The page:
Learning Italian In Italy: The Role of Language in Easing Our Transition to Life in Turin
It is nothing new to say that learning the local language is one of the most important aspects of moving to a new country. Language is the key to accessing so many areas of society; and becomes invaluable when children are involved. This piece will look at how investing in language acquisition early improved our family’s experience in Italy.
Subsequent posts on Learning Italian in Italy will reflect on what our family did right and will offer ideas on how to support your family’s language-learning journey while abroad, as well as upon your return home.
What Learning Italian Meant For My Family
When Fernando and I began narrowing down where we would spend his 2-year academic sabbatical we knew that we wanted to go somewhere where the children could learn a language.
Spanish has always been spoken in our home — my husband, being born and raised in Mexico City — but our children were not fluent; and although I could hold my own, I was eager to gain more fluency. In the midst of researching international schools in Spain — following a brief flirtation with Cartagena, Colombia — my husband confessed: It had to be Italy, the country of his mother’s birth and a country to which he and his Mexico-based extended family still maintain close ties. I was happy to go anywhere that the kids and I could learn a new language, so I happily agreed. After some back and forth about where we might call home for the next two years, we agreed on Turin, the capital of Piedmont, a city that I had visited for work a decade prior.
Italy sounded like the perfect challenge. Fernando grew up being spoken to in Italian and hearing it in his household, but he faced various blocks and gaps when trying to speak it. His dream of learning Italian was unfulfilled. I spoke French and Spanish, having formally studied (and spent time living in) both languages. Four years prior I had completed a semester of Italian, while I was home full-time with my children. I knew that Italian wasn’t easy, but I also knew that it was within reach. Studying romance languages was my idea of fun and I looked forward to two years of full immersion for all of us. It was easy for me to say, I knew that my days would be unstructured and that I could spend entire days not speaking Italian at all if I wanted to. Our school-aged kids, however, would be in a completely different boat.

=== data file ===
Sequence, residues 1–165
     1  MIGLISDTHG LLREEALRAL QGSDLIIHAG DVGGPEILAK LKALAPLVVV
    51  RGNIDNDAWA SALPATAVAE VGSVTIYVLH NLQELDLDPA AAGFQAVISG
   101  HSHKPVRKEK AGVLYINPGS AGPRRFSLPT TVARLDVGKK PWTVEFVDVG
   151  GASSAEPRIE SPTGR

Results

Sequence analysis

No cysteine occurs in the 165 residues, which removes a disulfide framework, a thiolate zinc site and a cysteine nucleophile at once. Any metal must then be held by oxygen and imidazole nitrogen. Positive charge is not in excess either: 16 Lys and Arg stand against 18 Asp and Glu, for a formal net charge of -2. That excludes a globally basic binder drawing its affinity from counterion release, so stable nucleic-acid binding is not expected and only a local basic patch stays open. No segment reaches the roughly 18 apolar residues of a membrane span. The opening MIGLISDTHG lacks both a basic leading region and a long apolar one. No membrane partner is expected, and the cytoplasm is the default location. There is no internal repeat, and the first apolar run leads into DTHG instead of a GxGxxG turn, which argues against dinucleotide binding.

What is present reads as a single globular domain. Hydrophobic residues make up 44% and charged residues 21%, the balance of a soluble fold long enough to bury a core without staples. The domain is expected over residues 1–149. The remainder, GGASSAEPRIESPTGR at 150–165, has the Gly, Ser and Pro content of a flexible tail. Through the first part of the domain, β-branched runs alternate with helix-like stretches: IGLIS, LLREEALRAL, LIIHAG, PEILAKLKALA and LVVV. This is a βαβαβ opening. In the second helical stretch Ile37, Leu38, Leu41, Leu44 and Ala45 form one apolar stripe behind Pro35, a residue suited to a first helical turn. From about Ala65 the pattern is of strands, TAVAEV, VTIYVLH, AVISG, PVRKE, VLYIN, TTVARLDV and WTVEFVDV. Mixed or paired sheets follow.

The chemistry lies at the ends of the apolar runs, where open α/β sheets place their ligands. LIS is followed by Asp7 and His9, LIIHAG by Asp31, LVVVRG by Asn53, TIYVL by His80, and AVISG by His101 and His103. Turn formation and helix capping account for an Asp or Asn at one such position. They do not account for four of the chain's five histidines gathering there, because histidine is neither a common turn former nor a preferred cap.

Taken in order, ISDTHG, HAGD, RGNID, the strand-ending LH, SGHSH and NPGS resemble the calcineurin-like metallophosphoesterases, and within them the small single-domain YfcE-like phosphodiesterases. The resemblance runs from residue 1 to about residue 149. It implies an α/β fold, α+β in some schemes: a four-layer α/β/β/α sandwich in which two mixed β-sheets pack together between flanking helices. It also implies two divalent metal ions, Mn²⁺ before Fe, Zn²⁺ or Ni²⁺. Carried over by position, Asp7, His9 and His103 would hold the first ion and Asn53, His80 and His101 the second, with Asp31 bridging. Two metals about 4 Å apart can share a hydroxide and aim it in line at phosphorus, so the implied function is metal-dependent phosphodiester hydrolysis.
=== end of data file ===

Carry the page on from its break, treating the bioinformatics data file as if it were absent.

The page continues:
When we arrived in Turin, our children did not speak any Italian at all, with our 7-year-old only attending a very introductory class at our local community center the week before our departure.
Knowing that the young have remarkably absorbent minds when it comes to language learning, Fernando and I were in complete agreement that the four of us return from the sabbatical fluent in Italian. To support this goal, we decided to send the kids to schools where Italian was the primary language of instruction. We also arrived in Italy well before the start of the academic year and enrolled all four of us in 3 weeks at an Italian language school. Our job was to equip them — and ourselves — for this challenge as much as possible.
To return to a metaphor I sometimes use when describing our time in Turin, sending our children to school in Italy was entering “new waters” but sending them to school primarily in Italian was essentially throwing them into the deep end. As their parents, we had to ensure that they were learning how to swim.
When the kids entered school that September, they were attending at least 6 (or even 8 hours) of school every day; a very small portion of instruction time was conducted in English or French. In the very beginning, both of our kids’ schools pulled our kids out of class during the English lesson and gave them private lessons in Italian. It was a welcome respite, but could never balance out the amount of Italian they were taking in, on a daily basis.
Adapting to living in a foreign language can be exhausting. Our kids’ brains were working overtime to process words, facial expressions, and hand gestures (we are talking about Italy, after all) at dizzying speeds. Watching (and hearing) our children go through this experience provoked strong emotions. They demonstrated such determination and commitment which we greatly admired, but in a household that welcomed openness, hearing of their ongoing linguistic struggles (which affected nearly every aspect of their lives) weighed heavily on us all.
Remaining Encouraged During Language Learning Challenges